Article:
ProfNet Experts Available on the State of the Union Address

Jan 12, 2016, 16:12 ET from ProfNet

NEW YORK, Jan. 12, 2016 /PRNewswire/ -- In advance of President Obama's final State of the Union address, below are experts from the ProfNet network that are available to discuss topics Obama is expected to address, including climate change, gun control, immigration, the Affordable Care Act, terrorism and more.

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Josh Sawislak
Global Director Resilience
Sawislak previously served in the administration of President Obama, where he served as the associate director for climate adaptation at the White House Council on Environmental Quality, leading national efforts on climate adaptation and resilience policy, as well as working with cities, states, and foreign governments on project development and strategy. Prior to joining the executive office of the president, he led the development of the infrastructure recommendations for the president's Hurricane Sandy Rebuilding Task Force and served as a senior advisor to the secretary of the U.S. Department of Housing and Urban Development. He is available to discuss climate change, resiliency, urban planning, smarter cities, and green building.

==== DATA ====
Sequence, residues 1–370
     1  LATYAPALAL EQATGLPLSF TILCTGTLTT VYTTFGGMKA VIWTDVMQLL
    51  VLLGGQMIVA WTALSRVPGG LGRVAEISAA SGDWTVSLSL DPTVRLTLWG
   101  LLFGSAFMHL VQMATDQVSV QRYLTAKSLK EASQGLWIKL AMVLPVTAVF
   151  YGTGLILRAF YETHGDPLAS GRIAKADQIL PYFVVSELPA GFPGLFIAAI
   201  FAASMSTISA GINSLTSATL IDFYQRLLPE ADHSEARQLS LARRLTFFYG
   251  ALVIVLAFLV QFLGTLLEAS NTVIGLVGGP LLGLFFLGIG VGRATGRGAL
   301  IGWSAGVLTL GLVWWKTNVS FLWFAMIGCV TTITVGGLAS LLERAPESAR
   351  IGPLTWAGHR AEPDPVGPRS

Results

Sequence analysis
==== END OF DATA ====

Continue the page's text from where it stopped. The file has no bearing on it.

Contact: Jordan Band,


L. Rowell Huesmann
Amos N. Tversky Collegiate Professor of Communications Studies and Psychology and Research Professor
Institute for Social Research
University of Michigan
"President Obama has already taken significant action against gun violence both by promoting a public discourse on the topic and by directing NIH to fund research on gun violence. Some of this research, including research at Michigan's ISR, is directed at understanding the psychological characteristics of those who use guns to commit violent acts. The enhanced background checks for gun purchases that the president is likely to order certainly can diminish the likelihood of gun violence particularly when the background checks incorporate the findings from such research."
Contact: Jared Wadley,

Michael Thompson
Council of State Governments Justice Center